Within minutes of finishing everything I got an email from my coach saying, “I’m guessing your heart rate on your run data isn’t right?” (He knows me well!) And I was shocked. “You got my workout!? But I didn’t even plug my watch in.” Apparently it’s now part of the whispering-love-party. “Yay! I did it. Now I just need my heart-rate monitor to work and then I’ll really be unstoppable!”
Without much effort at all, I now have a watch that chimes and dings and buzzes. It tells me when my phone is ringing. It tells me when I have a text. It even tells me when I need to MOVE! Really. It does. Take yesterday, for example, when I was doing a two-hour ride on my bike, it started buzzing and chiming and dinging and flashing: “MOVE!” I couldn’t believe it. “Are you freaking kidding me?! I’m sweating my ass off over here with a racing heart rate and you’re telling me to MOVE! Screw you.” I thought as I pedaled harder. It ignored me and chirped again: “MOVE!” “Piss off!” I panted.
“My watch is broken.” I said to Rob later that night. “I think I need a new one.” “What’s wrong?” He asked. “It told me to move when I was riding my bike!” I exclaimed while stomping my foot down and rolling my eyes. “Really?” He asked calmly. “That’s odd. Did you sync it with your bike?” “WHAT!?! NO! I have to sync it with my bike? Forget it. I’m just going to ignore it. I know when I’m moving or not!”
Sometimes technology is a good thing. Sometimes it’s not. But really, when it comes down to it, I don’t think we need electronic things telling us what we need to do. Shouldn’t we just know when we need to get up and move our bodies? I think so. How about when we’re hungry? We rely on our clocks to tell us that too — it’s noon. Time for lunch. What if you want to eat at 1:00? What if you just peed but you have to pee again? Do you get up and MOVE!, or no? Do you need permission from your watch?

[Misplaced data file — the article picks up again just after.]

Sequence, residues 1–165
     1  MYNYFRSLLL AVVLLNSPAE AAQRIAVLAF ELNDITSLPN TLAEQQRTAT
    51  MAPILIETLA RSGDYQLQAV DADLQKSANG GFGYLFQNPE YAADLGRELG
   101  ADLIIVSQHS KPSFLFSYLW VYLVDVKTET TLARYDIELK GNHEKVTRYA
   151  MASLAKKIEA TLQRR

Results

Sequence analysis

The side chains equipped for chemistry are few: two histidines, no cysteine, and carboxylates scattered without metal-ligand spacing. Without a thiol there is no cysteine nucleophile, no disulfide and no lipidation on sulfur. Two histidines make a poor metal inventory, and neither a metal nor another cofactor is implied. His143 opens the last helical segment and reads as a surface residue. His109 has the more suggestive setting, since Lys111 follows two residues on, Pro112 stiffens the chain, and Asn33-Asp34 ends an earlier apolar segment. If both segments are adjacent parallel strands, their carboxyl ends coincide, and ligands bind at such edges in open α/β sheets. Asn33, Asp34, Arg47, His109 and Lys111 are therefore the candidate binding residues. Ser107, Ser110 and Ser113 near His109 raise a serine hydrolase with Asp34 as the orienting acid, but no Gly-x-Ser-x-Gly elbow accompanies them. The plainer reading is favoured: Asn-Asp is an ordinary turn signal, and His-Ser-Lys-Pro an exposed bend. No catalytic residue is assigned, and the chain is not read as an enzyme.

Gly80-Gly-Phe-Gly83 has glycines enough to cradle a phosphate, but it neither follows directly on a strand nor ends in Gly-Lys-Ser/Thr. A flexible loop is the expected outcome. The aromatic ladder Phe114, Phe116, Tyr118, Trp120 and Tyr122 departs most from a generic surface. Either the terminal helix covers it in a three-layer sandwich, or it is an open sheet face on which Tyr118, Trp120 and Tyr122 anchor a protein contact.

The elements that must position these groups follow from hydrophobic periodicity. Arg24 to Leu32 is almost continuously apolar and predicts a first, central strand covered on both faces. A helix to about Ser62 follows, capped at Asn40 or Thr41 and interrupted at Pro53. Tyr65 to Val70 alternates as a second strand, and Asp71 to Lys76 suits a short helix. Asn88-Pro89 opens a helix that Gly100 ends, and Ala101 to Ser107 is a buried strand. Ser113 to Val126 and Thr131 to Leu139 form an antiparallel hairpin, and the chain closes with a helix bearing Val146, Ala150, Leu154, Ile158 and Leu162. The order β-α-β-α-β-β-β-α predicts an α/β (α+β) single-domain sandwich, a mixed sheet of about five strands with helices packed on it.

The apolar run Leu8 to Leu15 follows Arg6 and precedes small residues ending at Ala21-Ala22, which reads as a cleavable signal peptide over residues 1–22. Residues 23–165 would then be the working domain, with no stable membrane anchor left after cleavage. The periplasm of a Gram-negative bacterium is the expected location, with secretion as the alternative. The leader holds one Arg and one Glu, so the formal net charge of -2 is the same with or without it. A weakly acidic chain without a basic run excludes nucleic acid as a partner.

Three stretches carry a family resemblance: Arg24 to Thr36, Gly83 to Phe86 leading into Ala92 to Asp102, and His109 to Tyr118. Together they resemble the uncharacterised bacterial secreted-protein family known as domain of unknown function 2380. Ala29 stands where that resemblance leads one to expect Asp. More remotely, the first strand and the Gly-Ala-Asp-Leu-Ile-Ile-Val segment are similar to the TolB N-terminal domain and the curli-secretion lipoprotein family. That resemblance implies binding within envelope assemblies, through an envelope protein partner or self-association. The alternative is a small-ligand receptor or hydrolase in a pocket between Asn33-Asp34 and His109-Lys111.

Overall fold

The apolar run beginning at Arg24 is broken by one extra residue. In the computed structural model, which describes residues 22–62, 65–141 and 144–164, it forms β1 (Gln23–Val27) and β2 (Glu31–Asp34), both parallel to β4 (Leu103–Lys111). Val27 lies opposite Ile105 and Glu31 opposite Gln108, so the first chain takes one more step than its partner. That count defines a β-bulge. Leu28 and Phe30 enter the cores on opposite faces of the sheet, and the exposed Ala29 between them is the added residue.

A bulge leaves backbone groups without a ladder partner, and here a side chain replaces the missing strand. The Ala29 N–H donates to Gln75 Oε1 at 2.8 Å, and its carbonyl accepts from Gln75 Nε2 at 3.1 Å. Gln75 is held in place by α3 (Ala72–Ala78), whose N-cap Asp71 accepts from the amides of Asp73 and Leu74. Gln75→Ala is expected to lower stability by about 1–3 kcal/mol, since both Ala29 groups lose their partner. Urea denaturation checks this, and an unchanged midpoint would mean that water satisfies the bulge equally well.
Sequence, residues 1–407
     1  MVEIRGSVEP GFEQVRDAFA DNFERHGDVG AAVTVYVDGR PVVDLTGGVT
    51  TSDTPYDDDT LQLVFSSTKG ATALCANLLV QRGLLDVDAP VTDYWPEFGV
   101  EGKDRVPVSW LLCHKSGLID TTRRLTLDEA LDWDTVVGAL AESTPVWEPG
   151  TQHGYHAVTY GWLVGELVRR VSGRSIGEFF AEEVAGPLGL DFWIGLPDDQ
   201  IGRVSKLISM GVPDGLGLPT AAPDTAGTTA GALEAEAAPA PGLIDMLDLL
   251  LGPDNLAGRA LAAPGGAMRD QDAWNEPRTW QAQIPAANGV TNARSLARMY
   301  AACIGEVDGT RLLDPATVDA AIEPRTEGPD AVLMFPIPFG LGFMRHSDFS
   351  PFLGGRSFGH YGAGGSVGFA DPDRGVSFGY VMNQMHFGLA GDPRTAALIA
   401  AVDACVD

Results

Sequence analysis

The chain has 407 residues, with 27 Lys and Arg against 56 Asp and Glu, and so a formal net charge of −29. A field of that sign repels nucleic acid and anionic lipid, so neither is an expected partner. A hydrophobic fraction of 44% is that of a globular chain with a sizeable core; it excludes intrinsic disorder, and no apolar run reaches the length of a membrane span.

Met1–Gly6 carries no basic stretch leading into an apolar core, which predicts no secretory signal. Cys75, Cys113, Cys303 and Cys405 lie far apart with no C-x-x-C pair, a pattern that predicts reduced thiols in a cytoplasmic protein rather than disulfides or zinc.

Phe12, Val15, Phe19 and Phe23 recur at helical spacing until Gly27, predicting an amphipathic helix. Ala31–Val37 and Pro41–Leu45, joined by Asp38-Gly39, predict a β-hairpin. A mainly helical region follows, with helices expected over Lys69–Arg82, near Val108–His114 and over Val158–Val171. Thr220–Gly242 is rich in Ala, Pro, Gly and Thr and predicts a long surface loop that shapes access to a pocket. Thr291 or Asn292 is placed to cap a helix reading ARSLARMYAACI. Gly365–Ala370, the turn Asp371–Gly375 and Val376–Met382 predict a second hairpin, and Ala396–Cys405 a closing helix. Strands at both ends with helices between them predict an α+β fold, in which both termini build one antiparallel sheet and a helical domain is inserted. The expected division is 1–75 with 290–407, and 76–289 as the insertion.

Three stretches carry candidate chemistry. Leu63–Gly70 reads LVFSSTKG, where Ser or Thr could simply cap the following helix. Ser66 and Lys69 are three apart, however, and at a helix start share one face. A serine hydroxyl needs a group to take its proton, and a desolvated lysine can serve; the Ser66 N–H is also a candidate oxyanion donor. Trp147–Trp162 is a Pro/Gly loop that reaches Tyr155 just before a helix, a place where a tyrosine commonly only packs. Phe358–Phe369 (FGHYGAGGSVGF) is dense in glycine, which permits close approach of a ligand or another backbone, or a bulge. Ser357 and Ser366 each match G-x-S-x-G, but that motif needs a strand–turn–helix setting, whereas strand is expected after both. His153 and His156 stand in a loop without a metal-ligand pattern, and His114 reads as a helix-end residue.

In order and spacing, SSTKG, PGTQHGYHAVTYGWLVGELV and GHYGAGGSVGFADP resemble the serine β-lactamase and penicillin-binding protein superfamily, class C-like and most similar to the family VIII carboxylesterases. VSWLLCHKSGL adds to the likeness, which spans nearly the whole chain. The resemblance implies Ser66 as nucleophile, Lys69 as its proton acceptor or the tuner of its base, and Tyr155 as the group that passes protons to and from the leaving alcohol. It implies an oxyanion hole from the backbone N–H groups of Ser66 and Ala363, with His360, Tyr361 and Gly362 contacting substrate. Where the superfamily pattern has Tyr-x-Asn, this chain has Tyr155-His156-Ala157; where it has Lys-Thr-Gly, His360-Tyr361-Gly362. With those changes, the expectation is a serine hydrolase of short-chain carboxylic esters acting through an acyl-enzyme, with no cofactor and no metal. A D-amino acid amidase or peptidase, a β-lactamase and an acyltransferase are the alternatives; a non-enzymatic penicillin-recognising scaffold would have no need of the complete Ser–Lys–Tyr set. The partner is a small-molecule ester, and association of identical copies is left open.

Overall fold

We live in a time where we have the world at our fingertips. We can connect with someone thousands of miles away in an instant. How remarkable is that? And yet, with this technology and so many resources to inform us, we so easily relinquish our power. Our inner knowing. All of a sudden there are so many experts out there and so many things that are “smart.”
My daughter was so sick the other day and I asked her to take her temperature. She barely had a fever and I had to bite back my words, “You don’t have much of a fever so you must not be very sick, Zoe.” Comparing her fever to her brothers’ fevers and almost inadvertently telling her — “You don’t know your own body; this thermometer knows better than you do.” How terrible is that?! How awful would that have been? We need to remind ourselves over and over again that we know ourselves better than any external device or person. We have to stop undermining ourselves so willingly and giving away our power.
Things can be guides. People can set examples and reminders but it’s up to us to decide for ourselves what works for us and what doesn’t. Only we can determine what it is that we want and don’t want for ourselves. Because here’s the thing — if we’re relying on someone or something else to pave the path for us, we can be certain it’s not going to be the one we really want to be on because we didn’t pick it for ourselves. And if we’re not the one calling the shots or making our own choices for ourselves let’s face it, the outcome will be lackluster because we won’t be that invested to begin with.
We have to believe in ourselves enough and trust ourselves enough to make our own choices. Only then will we be able to embark on truly and passionately claiming the outcome. Our choices and decisions have to come from within. You and only you can do that for yourself. Trust yourself, and maybe more importantly, don’t be afraid if you get it wrong. Who cares. Just start again in each moment.
We are our best advocates. We know ourselves quite well. We just tell ourselves repeatedly that we don’t. It’s not difficult these days to find evidence to support our ignorance and shortcomings. Sure, maybe everything whispers to everything else — syncing and speaking in secret codes — hogging the blankets and making us think we’ve been left in the dark. But that’s not it. It’s not true. Let them do their thing. Let them talk and sync and connect but don’t let them disconnect you from yourself. Just reach over and yank the covers back. We can do that.